The Welcome Screen

The welcome screen is the first thing people see when they encounter your Messenger bot, and includes information that allows a person to learn about your bot and what it offers. The welcome screen displays the the name and responsiveness of your bot, the profile picture and cover photo from your Facebook Page, an optional greeting message, and the 'get started' button.

The welcome screen includes a 'get started' button, which starts a conversation with your Messenger bot when it is tapped. When a person taps the 'get started' button, the message 'get started' will be posted into the conversation, and your bot is then granted permission to send messages.


Setting the Get Started Button Postback

When the button is tapped, your webhook will receive a messaging_postbacks event that contains a string specified by you in the get_started property of your bot's Messenger profile. This postback should be used to trigger your initial welcome message, such as a set of quick replies, or a text message that welcomes the person.

To set the postback payload, send a POST request to the Messenger Profile API:

curl -X POST -H "Content-Type: application/json" -d '{
  "get_started": {"payload": "<postback_payload>"}

For complete details, see the get_started property reference.

Best Practices

  • Do communicate next steps to encourage a response in your welcome message. You can use buttons to add structure to your message and call out specific actions people can take.
  • Do share basic commands in your welcome message. Communicate which keywords or terms people can use to ask for help, get updates, etc., so they find what they want more quickly.
  • Do change your onboarding experience when your bot experience changes. Revisit your greeting text and welcome message as you update your capabilities to make sure they’re still relevant.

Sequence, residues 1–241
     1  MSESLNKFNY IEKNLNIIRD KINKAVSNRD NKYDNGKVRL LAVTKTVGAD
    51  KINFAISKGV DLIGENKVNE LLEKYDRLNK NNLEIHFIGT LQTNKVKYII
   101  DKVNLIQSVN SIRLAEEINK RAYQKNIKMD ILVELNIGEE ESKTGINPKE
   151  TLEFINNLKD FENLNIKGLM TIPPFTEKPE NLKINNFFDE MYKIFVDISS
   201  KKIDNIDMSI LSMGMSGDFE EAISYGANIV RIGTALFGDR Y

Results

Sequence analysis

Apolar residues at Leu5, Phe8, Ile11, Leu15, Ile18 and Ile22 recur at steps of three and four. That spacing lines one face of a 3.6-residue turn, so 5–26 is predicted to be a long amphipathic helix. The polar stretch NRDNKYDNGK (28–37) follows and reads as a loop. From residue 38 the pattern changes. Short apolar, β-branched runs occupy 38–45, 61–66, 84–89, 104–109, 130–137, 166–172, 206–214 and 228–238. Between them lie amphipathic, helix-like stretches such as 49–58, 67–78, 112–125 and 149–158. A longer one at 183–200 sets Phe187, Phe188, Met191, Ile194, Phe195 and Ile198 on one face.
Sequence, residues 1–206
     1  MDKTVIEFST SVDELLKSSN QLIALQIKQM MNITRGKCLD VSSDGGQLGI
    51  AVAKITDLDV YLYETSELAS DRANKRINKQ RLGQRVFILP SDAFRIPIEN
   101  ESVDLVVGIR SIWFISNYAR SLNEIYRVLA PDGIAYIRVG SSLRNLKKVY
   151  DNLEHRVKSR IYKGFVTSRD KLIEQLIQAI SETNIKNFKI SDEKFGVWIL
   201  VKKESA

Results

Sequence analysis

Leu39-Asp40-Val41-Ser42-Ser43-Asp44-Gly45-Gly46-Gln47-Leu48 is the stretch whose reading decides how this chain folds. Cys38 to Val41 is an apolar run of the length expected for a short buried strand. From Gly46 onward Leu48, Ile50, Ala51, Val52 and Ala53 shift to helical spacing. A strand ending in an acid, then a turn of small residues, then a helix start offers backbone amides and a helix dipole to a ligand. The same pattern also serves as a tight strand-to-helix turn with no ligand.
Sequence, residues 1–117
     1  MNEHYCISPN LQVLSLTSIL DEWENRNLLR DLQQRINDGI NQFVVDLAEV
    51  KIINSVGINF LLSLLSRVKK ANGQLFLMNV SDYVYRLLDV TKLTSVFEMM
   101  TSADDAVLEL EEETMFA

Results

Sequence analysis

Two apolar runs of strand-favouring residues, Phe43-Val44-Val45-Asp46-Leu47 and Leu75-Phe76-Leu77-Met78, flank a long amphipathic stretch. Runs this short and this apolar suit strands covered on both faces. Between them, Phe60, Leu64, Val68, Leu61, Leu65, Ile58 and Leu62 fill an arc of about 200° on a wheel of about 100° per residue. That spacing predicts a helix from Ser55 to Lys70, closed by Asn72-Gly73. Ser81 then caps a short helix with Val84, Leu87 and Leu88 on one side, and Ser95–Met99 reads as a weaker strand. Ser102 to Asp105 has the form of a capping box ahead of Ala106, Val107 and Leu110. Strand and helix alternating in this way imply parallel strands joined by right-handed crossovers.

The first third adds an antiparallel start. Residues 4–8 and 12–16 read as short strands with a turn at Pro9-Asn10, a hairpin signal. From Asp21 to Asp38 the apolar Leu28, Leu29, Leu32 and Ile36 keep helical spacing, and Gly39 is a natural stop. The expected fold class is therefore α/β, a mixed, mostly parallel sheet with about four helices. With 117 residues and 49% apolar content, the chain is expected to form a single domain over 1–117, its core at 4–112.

• Don't forget everything on the screen works together. The context you provide in your Messenger Greeting should complement the “Get Started” button.
  • Don’t be too generic. Try addressing people by name to make the message feel personal and treating it as an opportunity to teach them how to use and control the experience.

Setting the Greeting Text

The greeting text on the welcome screen is your first opportunity to tell a person why they should start a conversation with your Messenger bot. Some things you might include in your greeting text might include a brief description of what your bot does, such as key features, or a tagline. This is also a great place to start establishing the style and tone of your bot.

You may provide default and localized greeting text.

To set the greeting text, send a POST request to the Messenger Profile API:

curl -X POST -H "Content-Type: application/json" -d '{
  "greeting": [
    }, {
      "text":"Timeless apparel for the masses."

For complete details, see the greeting property reference.


You can personalize the greeting text using the person's name. You can use the following template strings:

  • {{user_first_name}}
  • {{user_last_name}}
  • {{user_full_name}}


    "text":"Hello {{user_first_name}}!"

Best Practices

  • Do consider your greeting an introduction and a summary of your experience. Greetings have a 160 character maximum, so keep it concise.
  • Do communicate your main functionality. Context helps people understand how to interact with you and sets expectations about your capabilities.
  • Don’t treat your greeting like an instructional manual. Because your greeting disappears, use your actual messages to introduce specific functionality and commands.
  • Don't use excessive text formatting (ex: spacing, punctuation, returns) in your greeting so you can make the most of the character limit.